Fashion A to Z: It's all about Rei Kawakubo

There are designers, and then there's Rei Kawakubo.
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A is for Art. One of Rei's main interests is art and literature. Without having gone to fashion school, these two passions turned her into an emblem of the industry, under its brand Comme Des Garçons.


B is for Businesswoman. She is a designer but at the same time, she is a great businesswoman. Whether it's Comme or Dover Street Market, she does not stay only in the creative process of a collection. Rei loves being part of everything that encompasses a brand experience. She always visits the stores and she pays attention to how the clothes are shown and who buys their clothes. Some say that you can even see her folding clothes at Dover Street Market."


C is by Comme des Garçons. The brand created Rei in 1969. The name came from a phrase in the song of Françoise Hardy: "comme les garçons et les filles de mon âge". In 1981, she travelled to Paris accompanied by Yohji Yamamoto to present her collections which changed the way she saw fashion and appropriated the "technique" of construction and deconstruction of the patterns, which was followed by the wave of Belgian designers years later. One of her best-known collections was Body Meets Dress, Dress Meets Body of 1997, which consisted of dresses placed on pads, referring to the modification of the body throughout history.


D is for Dover Street Market. Following the success of Comme des Garçons, and taking into account its focus on creating a unique customer experience, she decided to open Dover Street Market. A space that works as a space to host established designers like Raf Simons, Gucci, Céline and Rick Owens, and a platform for new talents like Jacquemus or Off White. "I wanted to create a market where people could enter and find beautiful chaos."

E is for Creative Expression. While one of its pillars, is to create garments, Rei has made it clear that it is not her only form of expression. "I am always thinking of the total idea, and the context of everything". The designer has always looked for ways to stimulate all kinds of people. The way to achieve this is to have that motivation to create pieces that stand out among the great designs that we see.

F is for Feminism. Kawakubo has made it clear that she is not a feminist. The name of Comme des Garçons is, in fact, a reaction against it, "like children," moving away from any feminine notion. However, she has been one of the few women who has managed to establish a brand in Japan, a place known for its misogynistic corporate culture. She once said to Vogue in 1995, "Comme des Garçons is a gift to oneself, not something to appeal or to attract the opposite sex."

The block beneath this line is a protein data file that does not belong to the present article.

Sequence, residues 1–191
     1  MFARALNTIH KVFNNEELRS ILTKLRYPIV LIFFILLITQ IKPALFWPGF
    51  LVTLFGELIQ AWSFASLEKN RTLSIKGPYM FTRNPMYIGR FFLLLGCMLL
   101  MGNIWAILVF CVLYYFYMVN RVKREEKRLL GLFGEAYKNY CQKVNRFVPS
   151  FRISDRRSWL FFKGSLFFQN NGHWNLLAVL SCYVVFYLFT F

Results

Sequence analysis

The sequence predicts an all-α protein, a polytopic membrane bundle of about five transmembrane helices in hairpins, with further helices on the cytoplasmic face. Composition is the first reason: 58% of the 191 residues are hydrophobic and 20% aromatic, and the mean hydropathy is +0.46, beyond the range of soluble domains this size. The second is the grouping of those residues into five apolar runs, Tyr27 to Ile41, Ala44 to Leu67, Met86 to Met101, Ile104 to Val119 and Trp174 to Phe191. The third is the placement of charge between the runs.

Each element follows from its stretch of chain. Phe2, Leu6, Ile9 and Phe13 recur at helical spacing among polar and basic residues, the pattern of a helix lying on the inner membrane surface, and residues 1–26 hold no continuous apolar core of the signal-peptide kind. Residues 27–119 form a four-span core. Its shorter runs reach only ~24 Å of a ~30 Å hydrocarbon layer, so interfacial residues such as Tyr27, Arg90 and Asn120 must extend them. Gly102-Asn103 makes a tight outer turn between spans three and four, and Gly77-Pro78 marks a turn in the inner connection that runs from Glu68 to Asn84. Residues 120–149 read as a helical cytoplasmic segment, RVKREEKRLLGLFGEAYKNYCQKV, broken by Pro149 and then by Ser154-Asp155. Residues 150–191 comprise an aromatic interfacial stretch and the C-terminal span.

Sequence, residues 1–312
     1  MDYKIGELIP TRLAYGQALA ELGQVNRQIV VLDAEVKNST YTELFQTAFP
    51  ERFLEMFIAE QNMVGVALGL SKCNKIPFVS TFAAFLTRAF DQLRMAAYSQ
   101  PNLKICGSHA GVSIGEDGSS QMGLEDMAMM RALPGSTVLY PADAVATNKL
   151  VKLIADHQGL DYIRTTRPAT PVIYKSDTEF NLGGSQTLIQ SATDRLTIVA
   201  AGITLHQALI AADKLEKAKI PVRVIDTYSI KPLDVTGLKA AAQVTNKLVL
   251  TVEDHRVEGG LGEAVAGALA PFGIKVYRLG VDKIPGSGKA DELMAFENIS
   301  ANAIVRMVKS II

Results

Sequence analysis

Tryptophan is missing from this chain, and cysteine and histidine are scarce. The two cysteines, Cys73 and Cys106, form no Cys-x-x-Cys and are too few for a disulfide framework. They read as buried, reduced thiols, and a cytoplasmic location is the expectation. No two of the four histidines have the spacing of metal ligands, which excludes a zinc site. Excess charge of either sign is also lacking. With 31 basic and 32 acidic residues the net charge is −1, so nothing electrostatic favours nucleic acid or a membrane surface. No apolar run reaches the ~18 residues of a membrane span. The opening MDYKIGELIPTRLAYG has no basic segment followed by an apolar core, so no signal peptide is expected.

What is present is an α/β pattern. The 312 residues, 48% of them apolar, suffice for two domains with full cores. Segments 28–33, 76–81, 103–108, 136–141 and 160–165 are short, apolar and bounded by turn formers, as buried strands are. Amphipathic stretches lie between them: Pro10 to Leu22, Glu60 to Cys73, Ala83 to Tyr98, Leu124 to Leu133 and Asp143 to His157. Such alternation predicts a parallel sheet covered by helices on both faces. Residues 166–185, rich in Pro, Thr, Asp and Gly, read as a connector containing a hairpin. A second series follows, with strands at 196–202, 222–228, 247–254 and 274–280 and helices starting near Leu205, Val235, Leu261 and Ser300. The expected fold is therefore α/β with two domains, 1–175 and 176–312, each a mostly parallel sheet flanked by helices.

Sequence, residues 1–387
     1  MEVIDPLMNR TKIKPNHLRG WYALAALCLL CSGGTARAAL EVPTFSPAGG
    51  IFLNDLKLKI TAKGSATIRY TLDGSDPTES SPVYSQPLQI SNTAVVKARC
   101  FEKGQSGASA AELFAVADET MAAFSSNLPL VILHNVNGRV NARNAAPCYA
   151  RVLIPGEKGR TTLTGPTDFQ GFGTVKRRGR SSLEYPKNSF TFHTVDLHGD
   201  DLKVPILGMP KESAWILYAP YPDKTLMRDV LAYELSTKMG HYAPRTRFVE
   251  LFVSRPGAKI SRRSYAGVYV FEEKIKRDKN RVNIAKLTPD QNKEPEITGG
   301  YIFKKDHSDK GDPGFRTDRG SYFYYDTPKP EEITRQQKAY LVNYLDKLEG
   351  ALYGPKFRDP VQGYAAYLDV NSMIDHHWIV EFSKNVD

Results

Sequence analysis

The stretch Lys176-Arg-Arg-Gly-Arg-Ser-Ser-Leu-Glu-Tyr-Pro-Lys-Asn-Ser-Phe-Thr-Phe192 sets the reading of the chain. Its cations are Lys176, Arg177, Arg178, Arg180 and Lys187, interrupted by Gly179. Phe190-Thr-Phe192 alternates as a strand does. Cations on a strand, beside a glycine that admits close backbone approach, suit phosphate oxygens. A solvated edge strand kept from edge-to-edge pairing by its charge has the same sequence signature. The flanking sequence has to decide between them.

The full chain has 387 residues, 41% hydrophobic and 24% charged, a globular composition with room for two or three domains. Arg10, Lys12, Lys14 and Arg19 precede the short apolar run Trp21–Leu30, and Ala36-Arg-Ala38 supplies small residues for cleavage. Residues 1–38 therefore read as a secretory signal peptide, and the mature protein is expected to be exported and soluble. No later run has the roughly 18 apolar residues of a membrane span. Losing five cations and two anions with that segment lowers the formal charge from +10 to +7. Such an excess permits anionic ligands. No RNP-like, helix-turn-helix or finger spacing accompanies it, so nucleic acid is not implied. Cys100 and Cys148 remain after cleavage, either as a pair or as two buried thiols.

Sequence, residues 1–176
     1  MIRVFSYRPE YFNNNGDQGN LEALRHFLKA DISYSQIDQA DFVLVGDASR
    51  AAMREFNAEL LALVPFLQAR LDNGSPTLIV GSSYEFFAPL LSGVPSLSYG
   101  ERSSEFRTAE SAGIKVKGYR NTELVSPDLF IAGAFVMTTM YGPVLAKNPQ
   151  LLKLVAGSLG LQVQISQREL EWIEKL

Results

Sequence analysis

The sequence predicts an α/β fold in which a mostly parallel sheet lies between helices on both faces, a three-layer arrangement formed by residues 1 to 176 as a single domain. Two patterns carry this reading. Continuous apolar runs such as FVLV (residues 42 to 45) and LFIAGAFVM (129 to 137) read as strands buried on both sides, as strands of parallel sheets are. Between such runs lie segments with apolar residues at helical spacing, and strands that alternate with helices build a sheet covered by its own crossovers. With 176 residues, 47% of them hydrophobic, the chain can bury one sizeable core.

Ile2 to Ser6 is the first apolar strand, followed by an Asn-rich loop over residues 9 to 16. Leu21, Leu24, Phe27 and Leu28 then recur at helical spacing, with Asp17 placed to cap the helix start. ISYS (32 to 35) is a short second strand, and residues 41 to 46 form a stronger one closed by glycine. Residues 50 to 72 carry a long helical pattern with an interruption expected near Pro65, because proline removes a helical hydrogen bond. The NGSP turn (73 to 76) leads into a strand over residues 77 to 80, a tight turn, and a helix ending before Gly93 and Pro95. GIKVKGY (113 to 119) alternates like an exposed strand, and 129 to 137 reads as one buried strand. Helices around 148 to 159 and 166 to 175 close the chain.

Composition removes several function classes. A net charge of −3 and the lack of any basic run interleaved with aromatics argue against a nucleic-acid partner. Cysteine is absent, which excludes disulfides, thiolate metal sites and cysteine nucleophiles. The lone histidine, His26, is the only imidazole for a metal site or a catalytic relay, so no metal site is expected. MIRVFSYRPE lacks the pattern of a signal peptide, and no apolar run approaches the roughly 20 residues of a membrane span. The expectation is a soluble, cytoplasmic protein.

G is for Georgia in the 80s. Georgia in 1989. In the field of Tbilisi and with Rei Kawakubo wrapped in a black blanket, the image is part of an A3 magazine publication. The photographer was Brian Griffin, (without having experience in fashion photography) was the one chosen to capture the residents of the Soviet Georgia dressed in gifts of Comme des Garçons.

"What's really impressive about her is that she's never backed down"

H is for Happy Classical. For Comme des Garçons' fall/winter 2016 collection, the designer asked musician Frédéric Sanchez to create a soundtrack that was "happy classical" and the result was a combination that left the audience with a big smile as they listened to mix of The Nutcracker Tchaikovsky with fragments of alternative music.  

I is for Integrity. In an industry where it is easy to change course according to what the market dictates, Kawakubo is one of the few designers who has held firm to her creative beliefs of being unpredictable, breaking rules and challenges conventions every season. Her designs are simple reflections of what she is thinking at the moment. She works and lives according to her own terms and yet, she is one of the best fashion entrepreneurs, with a brand that generates great profits annually. Alexander McQueen highlighted it occasionally in an interview for Another Magazine : "What's really impressive about her is that she's never backed down".

J is for Junya Watanabe. Rei Kawakubo is known for being a mentor to various designers. One of them is Junya, who began his career working at Comme des Garçons before opening his own brand under CdG's roof in 1992. His first collection was made from fabrics found in London markets, and it became a major collection for the season. Other prodigies include Chitose Abe of Sacai and Noir by Kei Nomiya.

K is for kachikan. Kachikan means the value of a system or soul. Rei's kachikan was to establish a company with the premise of always finding something new. That ideology has been in Comme des Garçons for more than 40 years. "I would not change it because otherwise, it would not be Comme des Garçons."


L is for Lab Coat. A plastic jacket, a kind in black with white letters printed on the back, is a popular piece of the brand Vetements, as well as the white robes, which you will always find work by Maison Margiela's staff. But, the pioneer in making the atelier lab coat was Rei Kawakubo, who started in the 80's, as a way to identify her employees during her shows.  The coats even have the date of the show on it.